David Tellier - Cameron Real Estate Group



Posted by David Tellier on 7/19/2018

Are you planning on buying a home by a certain date? Itís unfortunate that life canít go as we plan it all the time! With a bit of planning finding the right home at the right time is possible. Many times, families are looking to buy a home before the end of the summer. This allows them to get settled in and get the kids started in a new school before the start of the year in September. Just because there are more popular times throughout the year to move doesnít mean that the inventory of homes changes much as to whatís on the market. Whatever the reason for the short supply of homes, youíll need to be informed and creative in order to land a house in a high demand market when itís crunch time. Below, youíll find some tips to help you on your search.


Research Your Location Ahead Of Time 


Every housing market has a bit of a down time. You want to pinpoint that period. Does your location have a time of year where people flee the area for vacations? The holiday season can also be a great time to look. There may still be low supply, but there also will be less competition. Do a bit of research in order to find pricing trends. When the prices dip, youíll know thatís a time where competition for homes is lower.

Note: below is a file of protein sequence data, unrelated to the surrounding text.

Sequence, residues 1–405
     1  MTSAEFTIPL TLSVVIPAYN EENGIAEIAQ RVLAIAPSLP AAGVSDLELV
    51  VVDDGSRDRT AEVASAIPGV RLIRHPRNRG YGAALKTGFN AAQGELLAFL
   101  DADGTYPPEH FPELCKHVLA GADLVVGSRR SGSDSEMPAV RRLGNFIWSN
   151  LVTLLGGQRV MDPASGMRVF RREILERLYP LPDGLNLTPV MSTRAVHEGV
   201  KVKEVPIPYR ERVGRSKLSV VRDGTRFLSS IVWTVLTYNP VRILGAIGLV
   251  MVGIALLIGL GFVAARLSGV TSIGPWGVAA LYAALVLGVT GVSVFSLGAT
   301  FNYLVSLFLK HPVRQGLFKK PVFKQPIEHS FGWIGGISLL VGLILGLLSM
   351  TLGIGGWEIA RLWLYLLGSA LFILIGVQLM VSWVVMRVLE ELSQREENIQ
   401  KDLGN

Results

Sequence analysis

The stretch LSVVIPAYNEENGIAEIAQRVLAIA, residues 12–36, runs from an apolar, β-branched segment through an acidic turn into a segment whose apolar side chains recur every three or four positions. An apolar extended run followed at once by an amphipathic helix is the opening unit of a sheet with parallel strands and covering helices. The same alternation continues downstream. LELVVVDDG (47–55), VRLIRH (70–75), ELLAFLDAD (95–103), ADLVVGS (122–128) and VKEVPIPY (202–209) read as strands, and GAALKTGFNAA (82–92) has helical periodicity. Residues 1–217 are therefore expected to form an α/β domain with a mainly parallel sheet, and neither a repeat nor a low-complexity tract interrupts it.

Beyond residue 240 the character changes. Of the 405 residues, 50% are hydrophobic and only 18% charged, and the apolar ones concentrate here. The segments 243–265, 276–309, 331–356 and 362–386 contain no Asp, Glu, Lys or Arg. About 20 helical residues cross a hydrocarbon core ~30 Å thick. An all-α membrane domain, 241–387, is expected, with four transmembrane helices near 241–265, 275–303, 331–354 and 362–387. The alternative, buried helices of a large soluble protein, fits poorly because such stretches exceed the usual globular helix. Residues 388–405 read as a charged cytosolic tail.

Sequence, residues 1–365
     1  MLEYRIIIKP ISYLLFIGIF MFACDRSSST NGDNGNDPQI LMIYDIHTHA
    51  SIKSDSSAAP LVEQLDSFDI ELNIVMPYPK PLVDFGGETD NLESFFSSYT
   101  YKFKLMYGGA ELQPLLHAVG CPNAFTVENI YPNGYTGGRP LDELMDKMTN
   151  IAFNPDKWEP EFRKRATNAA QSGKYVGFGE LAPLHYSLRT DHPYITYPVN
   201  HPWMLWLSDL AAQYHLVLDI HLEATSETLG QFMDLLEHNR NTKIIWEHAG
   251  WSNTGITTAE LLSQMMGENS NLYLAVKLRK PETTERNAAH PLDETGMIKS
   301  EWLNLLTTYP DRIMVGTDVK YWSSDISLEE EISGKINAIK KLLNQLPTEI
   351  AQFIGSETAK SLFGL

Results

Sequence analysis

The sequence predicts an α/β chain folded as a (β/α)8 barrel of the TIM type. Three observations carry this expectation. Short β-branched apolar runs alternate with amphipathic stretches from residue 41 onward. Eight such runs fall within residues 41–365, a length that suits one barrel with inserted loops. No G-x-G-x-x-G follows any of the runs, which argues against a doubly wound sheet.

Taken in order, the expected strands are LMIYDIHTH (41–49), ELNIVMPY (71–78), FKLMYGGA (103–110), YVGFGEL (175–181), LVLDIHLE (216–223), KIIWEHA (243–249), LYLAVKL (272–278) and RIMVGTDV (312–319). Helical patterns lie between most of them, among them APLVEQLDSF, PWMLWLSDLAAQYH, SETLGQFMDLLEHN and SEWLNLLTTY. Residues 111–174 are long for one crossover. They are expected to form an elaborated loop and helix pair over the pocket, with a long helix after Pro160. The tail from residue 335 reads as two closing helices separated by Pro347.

Always Have Your Finances In Order


When youíre buying a home, no matter what time of year it is, you need to have your lender on call. Make sure that you have been preapproved and that your downpayment money is at your disposal. Sellers like serious buyers who are ready to pass paperwork.  


Know What Youíre Willing To Compromise On


When youíre buying a home on a timeline, you may not have the luxury of searching around endlessly to meet your wishlist. You should have a few musts, but there may be many things that youíll need to work with or compromise on in finding the right property. You may be able to find a home in the right neighborhood, but it might not have the granite countertops that youíre looking for. When time is of the essence, your home search priorities need to be set straight.  


Donít Look For Bargains


When youíre in a time crunch to land a home, you donít want to fool around with price. In order to land a home that you love, you might have to offer a bit more than the asking price. Thereís no space for a bidding war, a low offer, or an extended search when you need to buy a home fast.          

  




Tags: Buying a Home  
Categories: Uncategorized  


Posted by David Tellier on 7/12/2018

If you ride through the suburbs of America, youíll likely notice that the houses just seem to get bigger and bigger. Like our taste for large trucks and SUVs, Americans tend towards the idea that bigger is better.